Dependent Plurality and the Theory of Scalar Implicatures: remarks on Zweig 2009
Following a recent discussion in Fox and Spector 2018, this paper provides an argument for a
particular view of the theory of scalar implicatures and exhaustification where exhaustification
is only allowed if it alters the overall sentence meaning without weakening it.
I show that this idea is helpful to make sense of the so-called dependent plural imterpreta-
tions, addressed within the theory of scalar implicatures in Zweig 2009 (see also Zweig 2008).
Even though Zweig’s account is based on insightful and plausible assumptions (most crucially,
the idea that the multiplcity component of the meaning of plurals is a scalar implicature), it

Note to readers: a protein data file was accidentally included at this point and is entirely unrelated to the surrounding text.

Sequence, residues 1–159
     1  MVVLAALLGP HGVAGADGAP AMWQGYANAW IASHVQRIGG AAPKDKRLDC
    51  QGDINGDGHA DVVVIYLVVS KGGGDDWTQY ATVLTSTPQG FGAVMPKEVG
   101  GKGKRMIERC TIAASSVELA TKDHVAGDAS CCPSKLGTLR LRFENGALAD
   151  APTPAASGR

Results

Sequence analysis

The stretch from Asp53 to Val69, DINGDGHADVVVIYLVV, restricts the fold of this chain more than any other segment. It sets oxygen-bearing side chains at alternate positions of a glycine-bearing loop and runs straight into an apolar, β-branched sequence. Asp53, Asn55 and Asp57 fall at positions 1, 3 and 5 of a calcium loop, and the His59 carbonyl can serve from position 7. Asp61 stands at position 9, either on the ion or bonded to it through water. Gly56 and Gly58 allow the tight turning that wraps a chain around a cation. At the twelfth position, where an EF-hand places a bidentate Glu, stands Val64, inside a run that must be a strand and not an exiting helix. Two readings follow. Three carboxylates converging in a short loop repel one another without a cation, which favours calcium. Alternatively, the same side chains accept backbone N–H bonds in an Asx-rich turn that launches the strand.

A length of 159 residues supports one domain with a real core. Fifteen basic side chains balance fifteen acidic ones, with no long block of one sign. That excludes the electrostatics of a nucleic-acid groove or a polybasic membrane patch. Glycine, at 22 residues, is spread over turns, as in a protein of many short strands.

ultimately fails to derive dependent plural readings. The main reason for this is the use of the
Strongest Candidate Principle of Chierchia 2006 that happens to filter out the needed interpreta-
tion. Replacing the Strongest Candidate Principle with a weaker constraint on exhaustification
along the lines of Fox and Spector 2018 resolves the issue, while keeping most of Zweig’s insights